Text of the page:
Screening and Assessment in TANF\Welfare-to-Work: Local Answers to Difficult Questions. Chapter Three: Approaches To Identification— Formal and Informal


This study looked at a wide range of identification efforts to uncover unobserved barriers to employment.

Efforts to identify barriers to employment faced by TANF clients are described and discussed using various terminology. Common terms such as “screening” and “assessment” are sometimes used interchangeably. However, the term screening is also used to describe a less rigorous effort to determine the possible existence of a barrier, while assessment often connotes a more structured, in-depth approach to barrier identification. Still others use the term assessment to describe the on-going process of uncovering barriers that occurs throughout a client’s experience with the TANF system. For the purposes of this report, distinguishing between efforts to screen as compared to efforts to assess is not as valuable as understanding how identification approaches are carried out in practice. Therefore, this study looked at a wide range of identification efforts—including those that may be described as either screening or assessment—to uncover unobserved barriers to employment.

Identification approaches utilized by the study sites can be generally described under two headings—formal and informal. Formal approaches include the use of a tool, instrument, or test. Informal approaches rely on discussion, disclosure of barriers by clients, or observation of behaviors that may suggest the existence of a barrier to employment. The use of formal and informal identification approaches are not mutually exclusive. In fact, many staff responsible for implementing formal identification approaches reported that they implement a tool or instrument as a part of a much larger process that includes informal identification strategies as well.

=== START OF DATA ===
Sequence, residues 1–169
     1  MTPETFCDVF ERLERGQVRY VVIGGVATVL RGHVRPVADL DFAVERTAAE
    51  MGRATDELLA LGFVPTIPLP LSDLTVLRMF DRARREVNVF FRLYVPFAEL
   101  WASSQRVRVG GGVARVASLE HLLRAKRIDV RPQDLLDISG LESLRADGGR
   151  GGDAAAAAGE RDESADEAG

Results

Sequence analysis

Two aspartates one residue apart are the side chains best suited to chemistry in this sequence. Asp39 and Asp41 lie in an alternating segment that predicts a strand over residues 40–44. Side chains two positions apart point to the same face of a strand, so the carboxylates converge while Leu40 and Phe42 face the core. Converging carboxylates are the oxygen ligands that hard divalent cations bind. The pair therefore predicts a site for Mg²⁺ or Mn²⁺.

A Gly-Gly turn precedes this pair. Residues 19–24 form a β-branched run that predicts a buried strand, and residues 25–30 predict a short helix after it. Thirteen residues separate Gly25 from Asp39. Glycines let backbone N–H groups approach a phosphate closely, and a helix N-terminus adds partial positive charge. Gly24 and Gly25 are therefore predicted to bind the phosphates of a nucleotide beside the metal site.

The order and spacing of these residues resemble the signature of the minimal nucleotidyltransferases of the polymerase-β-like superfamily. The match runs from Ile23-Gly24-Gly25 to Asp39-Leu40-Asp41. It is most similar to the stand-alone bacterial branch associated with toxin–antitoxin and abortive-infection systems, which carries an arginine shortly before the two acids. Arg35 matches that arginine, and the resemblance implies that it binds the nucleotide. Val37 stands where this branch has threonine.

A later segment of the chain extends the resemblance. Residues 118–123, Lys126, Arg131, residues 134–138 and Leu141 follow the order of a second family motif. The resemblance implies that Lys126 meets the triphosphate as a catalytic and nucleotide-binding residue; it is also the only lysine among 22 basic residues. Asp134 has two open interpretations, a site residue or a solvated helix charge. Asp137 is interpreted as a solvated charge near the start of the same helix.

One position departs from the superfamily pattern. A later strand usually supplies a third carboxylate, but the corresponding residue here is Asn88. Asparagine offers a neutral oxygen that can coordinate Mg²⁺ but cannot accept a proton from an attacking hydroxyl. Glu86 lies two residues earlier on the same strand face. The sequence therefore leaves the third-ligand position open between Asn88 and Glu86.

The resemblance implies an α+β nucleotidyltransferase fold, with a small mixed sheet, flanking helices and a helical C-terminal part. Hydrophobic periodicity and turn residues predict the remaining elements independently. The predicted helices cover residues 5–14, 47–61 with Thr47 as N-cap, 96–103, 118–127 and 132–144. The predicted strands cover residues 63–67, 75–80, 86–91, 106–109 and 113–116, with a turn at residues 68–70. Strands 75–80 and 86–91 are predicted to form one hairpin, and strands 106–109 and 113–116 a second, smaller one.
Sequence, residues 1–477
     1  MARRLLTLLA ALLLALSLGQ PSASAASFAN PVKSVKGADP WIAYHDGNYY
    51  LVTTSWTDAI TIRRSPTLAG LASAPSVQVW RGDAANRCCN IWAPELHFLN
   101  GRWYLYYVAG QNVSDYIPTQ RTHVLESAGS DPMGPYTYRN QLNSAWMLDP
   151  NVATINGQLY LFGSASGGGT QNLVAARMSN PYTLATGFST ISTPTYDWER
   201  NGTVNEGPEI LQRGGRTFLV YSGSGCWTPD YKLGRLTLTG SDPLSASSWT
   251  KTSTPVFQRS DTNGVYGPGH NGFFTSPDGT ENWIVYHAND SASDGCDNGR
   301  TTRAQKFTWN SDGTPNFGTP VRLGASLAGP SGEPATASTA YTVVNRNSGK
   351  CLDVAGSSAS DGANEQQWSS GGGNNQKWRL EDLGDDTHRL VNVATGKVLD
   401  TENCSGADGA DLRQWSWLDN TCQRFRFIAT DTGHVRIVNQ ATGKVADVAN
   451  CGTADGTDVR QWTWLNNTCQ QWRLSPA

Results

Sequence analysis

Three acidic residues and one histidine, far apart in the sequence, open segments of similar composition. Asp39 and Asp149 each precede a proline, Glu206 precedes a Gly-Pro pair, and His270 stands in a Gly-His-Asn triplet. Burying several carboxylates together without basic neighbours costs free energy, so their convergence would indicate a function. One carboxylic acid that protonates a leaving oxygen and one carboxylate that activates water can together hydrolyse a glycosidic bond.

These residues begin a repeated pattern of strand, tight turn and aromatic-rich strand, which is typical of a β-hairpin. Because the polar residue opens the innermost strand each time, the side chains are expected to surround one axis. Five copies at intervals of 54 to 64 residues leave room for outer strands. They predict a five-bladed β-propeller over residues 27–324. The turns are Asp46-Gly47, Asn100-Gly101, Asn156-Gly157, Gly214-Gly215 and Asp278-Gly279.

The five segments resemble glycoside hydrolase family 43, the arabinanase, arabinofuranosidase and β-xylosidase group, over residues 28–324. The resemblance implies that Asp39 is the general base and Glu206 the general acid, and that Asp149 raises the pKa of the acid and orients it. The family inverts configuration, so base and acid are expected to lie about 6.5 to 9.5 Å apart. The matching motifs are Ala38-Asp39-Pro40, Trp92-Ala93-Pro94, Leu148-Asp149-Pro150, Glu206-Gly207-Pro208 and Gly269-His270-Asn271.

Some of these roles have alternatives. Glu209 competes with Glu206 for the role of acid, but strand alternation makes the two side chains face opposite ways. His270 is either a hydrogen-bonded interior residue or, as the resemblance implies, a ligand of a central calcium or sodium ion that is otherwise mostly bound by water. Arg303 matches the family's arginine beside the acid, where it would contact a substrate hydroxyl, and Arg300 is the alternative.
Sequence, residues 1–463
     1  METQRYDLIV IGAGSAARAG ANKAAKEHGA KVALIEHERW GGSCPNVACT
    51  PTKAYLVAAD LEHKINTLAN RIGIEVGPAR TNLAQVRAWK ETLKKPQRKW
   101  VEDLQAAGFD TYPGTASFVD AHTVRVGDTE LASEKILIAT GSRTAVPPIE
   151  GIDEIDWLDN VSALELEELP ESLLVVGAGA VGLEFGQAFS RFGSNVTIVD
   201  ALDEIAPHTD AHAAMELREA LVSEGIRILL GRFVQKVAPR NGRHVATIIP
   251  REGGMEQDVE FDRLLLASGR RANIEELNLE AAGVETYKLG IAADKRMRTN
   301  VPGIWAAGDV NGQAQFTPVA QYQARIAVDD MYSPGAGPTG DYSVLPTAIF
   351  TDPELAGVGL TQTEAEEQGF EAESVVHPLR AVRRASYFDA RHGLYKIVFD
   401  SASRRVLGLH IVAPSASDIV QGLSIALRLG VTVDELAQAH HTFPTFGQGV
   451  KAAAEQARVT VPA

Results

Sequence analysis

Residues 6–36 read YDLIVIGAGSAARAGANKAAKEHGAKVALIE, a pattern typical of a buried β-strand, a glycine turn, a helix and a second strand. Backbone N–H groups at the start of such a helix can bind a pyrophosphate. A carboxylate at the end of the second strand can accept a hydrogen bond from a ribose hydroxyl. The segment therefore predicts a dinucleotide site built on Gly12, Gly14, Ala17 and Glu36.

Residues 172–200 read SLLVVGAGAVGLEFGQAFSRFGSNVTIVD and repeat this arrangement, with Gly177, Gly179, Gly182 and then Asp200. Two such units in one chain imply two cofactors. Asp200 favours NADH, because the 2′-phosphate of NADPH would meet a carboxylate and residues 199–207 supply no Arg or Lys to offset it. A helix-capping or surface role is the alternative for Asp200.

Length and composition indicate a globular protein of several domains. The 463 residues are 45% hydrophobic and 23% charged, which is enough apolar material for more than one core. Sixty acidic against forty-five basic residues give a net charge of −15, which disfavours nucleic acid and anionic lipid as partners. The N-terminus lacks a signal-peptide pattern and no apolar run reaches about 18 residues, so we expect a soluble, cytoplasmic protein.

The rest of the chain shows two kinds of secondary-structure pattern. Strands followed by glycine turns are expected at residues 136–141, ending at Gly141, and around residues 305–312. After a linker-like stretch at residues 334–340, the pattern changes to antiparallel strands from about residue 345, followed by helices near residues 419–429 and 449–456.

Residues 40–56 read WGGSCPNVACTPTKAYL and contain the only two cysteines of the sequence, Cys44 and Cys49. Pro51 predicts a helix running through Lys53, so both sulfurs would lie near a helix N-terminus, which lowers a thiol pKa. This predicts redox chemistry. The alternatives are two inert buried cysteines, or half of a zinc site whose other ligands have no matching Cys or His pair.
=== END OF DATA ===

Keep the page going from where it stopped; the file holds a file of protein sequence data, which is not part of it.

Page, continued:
The primary goal of identification approaches employed by TANF agencies is to provide an initial indication of the likelihood that a barrier to employment exists. Generally, this information is used to refer a client to a more highly trained specialist for additional assessment and confirmation of the existence of this barrier. In some cases, these more specialized partners undertake more detailed assessments that may guide treatment or service strategies, but generally do not include a formal diagnosis. However, in some situations TANF agency staff refer clients to partner agencies where staff can assess, diagnosis, and treat a particular barrier.16 In the next sections, we examine both formal and informal approaches to barrier identification and conclude with a discussion of the advantages and disadvantages of each approach.

16  Efforts undertaken by barrier-specific experts to formally diagnose conditions were not reviewed as a part of this study.


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